Have you identified all potential threats associated with your engagements for non-governmental organizations (NGOs)?
The Charities Aid Foundation’s World Giving Index 2018 reported Hong Kong 18th out of 144 countries studied in terms of the proportion of people who donated money to charities – ahead of some advanced economies such as Finland, Belgium and Japan. According to the report Government’s Support and Monitoring of Charities issued by the Hong Kong’s Audit Commission in April 2017, HK$11.84 billion in tax-deductible donations were made to charities in the 2014/15 assessment year. In other words, people in Hong Kong are generous.
However, there is no overall statutory scheme for the registration and regulation of charities in Hong Kong. The Inland Revenue Department has the power to grant tax-exempt status, and maintains a list of charitable institutions with such status on its website. Many of these institutions are also recipients of recurrent funding from the Social Welfare Department (SWD), which is estimated to be HK$16.8 billion in 2018/19. NGOs which operate under the SWD’s Lump Sum Grant (LSG) Subvention System are required to file annual financial reports (AFRs) with the SWD which are published on the department’s website for the public.
Not to be confused with the organization’s annual financial statements which cover its entire operations, the AFR only covers the NGO’s activities which are funded by the LSG subvention. Pursuant to the requirements of the LSG Manual, an NGO is required to submit the AFR, together with the organization’s audited financial statements to the SWD on an annual basis. The AFR, prepared by the NGO, must be an integral part of the organization’s annual report, and reviewed by an external auditor in accordance with Practice Note 851 Review of the Annual Financial Reports of NGOs (PN 851) issued by the Institute and prepared in consultation with the SWD.
PN 851 requires that the scope of work and reporting by auditors of NGOs meet the relevant requirements under the LSG Manual. The guidance covers the following areas to enable an auditor to properly discharge their responsibility in conducting a review of AFRs:
- Terms of engagement
- Procedures and evidence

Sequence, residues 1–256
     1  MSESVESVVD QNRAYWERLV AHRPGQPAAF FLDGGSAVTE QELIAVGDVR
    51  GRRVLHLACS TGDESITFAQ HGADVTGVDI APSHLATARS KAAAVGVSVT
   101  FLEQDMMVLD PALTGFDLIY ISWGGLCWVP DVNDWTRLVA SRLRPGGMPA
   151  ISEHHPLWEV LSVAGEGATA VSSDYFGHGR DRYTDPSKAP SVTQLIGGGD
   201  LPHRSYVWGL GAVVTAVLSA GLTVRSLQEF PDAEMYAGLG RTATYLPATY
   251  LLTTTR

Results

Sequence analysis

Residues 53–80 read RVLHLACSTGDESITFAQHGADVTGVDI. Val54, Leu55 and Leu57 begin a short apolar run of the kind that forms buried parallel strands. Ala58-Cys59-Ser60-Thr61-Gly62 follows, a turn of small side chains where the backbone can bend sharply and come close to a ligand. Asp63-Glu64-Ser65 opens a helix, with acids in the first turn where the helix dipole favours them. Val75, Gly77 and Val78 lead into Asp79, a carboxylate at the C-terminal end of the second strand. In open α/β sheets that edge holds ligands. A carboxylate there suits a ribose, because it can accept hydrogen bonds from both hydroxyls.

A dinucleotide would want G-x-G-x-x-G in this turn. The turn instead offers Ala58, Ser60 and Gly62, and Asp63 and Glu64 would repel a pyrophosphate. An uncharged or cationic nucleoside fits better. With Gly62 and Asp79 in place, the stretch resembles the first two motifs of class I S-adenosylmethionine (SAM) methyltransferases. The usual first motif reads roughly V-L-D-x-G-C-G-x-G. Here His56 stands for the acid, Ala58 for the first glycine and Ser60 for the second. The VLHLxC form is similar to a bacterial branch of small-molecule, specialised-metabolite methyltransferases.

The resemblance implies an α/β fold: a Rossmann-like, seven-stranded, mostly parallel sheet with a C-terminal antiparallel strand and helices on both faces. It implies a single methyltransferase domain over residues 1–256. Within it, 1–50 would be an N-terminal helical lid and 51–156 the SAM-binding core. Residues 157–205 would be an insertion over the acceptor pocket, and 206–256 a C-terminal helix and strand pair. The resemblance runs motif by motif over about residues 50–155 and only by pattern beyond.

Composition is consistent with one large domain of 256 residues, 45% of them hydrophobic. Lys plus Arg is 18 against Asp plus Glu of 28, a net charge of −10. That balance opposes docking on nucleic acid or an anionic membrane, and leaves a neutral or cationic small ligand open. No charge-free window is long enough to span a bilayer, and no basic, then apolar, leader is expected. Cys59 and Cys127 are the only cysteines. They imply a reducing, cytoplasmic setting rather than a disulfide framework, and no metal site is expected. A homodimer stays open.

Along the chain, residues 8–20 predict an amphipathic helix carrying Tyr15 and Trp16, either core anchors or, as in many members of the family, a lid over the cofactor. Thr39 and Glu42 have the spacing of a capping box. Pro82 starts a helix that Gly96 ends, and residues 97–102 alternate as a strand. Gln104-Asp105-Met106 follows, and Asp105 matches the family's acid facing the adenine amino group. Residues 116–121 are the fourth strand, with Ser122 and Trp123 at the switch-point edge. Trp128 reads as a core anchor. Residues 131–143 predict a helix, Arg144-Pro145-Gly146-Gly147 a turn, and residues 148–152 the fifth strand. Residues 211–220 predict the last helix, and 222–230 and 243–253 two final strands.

- Management representations
- Conclusions and reporting
The review engagement on the AFR, which primarily comprises inquiries and analytical procedures, might be mistakenly perceived as a rather straightforward, low-risk engagement. Yet, one must not undermine its significance as the publication of AFRs on the SWD’s website serves a public accountability function. The published AFRs are subject to high public scrutiny as the government and the public rely on them to ensure proper and transparent financial reporting by the NGOs concerning government subventions.
Even minor errors can impact reputations
The Institute has received a number of complaints upon discovery of errors in published AFRs. The allegations in these complaints mainly concerned the auditor’s failure to detect typographical errors, casting errors, misclassification of line items, or disclosure errors in the AFR. The nature and seriousness of these deficiencies might not reach the extent to raise concern on the appropriateness of the conclusion issued by the auditor on the AFR. However, the errors could certainly cause somebody to raise an eyebrow when it comes to the public perception of a CPA’s professionalism. In resolving these complaints, the Institute typically issues advisory letters to the auditors in question cautioning auditors to exercise due care in conducting future engagements.
Members need to be reminded that, in addition to familiarizing themselves with the requirements of the LSG Manual and PN 851, they are also required to comply with the fundamental principles as stipulated in the Code of Ethics for Professional Accountants. As highlighted below, compliance with the principle of professional competence and due care might come into question in instances such as communications with clients outside the scope of the review engagement.
Exercising due care
Most, if not all, charitable organizations run on a budget that is tightly monitored by funders. It is therefore generally understood that many of them do not enjoy the benefit of having a sizeable or sophisticated in-house accounting team. As a result, CPAs who serve as external auditors may often be approached by their NGO clients for advice and support. Practitioners should be mindful of potential pitfalls when it comes to communications with clients and avoid any perception of a lack of independence or objectivity.
For example, the Institute has received a complaint from the chairman of an NGO who challenged the propriety of “advice” sent to him by the auditor via WhatsApp. The complaint was eventually dismissed by the Institute as it was found the communication could contain a wider meaning than that understood by the chairman. Nevertheless, members are reminded to be sensitive to the circumstances of their clients and exercise due care when communicating with them.
Members are advised to consult the following Institute resources:
- Sections 100 and 130 of the Code of Ethics for Professional Accountants (Volume I of Members’ Handbook)
- PN851 Review of the Annual Financial Reports of NGOs (Volume III of Members’ Handbook)
This article is contributed by the Institute’s Compliance Department.